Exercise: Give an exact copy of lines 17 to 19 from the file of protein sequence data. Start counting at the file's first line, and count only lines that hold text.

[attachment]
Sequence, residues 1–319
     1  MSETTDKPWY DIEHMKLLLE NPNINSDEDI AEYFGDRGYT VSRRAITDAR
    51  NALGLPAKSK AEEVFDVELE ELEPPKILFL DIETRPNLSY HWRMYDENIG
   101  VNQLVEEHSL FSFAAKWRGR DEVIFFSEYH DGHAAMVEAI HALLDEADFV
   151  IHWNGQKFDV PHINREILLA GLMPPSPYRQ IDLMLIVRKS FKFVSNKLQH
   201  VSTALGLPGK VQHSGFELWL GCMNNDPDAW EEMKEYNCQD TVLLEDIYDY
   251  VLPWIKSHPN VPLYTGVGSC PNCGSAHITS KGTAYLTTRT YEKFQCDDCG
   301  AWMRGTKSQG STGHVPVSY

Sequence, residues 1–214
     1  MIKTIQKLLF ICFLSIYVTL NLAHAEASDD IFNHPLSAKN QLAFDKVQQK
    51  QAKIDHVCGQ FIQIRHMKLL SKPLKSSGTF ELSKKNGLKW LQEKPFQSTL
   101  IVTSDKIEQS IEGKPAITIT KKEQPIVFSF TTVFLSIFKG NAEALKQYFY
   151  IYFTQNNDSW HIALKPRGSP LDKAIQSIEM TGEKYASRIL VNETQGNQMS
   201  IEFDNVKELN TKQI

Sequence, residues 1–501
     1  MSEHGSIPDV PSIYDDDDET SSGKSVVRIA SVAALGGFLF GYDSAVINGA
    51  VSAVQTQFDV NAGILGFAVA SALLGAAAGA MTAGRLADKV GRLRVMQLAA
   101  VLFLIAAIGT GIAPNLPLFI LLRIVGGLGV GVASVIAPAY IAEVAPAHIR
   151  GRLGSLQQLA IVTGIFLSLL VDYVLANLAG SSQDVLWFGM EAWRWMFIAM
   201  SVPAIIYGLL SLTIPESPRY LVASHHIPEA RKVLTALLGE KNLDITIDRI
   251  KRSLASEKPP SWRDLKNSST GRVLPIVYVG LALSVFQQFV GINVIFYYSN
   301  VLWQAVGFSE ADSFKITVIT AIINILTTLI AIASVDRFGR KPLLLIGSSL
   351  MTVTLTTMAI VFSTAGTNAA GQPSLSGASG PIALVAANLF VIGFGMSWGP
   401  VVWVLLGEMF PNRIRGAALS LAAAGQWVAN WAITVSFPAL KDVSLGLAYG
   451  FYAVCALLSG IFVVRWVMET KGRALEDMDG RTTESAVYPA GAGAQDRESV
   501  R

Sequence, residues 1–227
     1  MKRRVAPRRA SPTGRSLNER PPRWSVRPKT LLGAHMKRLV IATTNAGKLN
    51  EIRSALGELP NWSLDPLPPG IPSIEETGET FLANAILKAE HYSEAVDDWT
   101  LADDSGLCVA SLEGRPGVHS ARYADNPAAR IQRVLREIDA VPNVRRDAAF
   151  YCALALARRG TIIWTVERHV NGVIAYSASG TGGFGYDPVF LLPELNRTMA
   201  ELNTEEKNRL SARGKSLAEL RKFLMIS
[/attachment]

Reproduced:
    51  VSAVQTQFDV NAGILGFAVA SALLGAAAGA MTAGRLADKV GRLRVMQLAA
   101  VLFLIAAIGT GIAPNLPLFI LLRIVGGLGV GVASVIAPAY IAEVAPAHIR
   151  GRLGSLQQLA IVTGIFLSLL VDYVLANLAG SSQDVLWFGM EAWRWMFIAM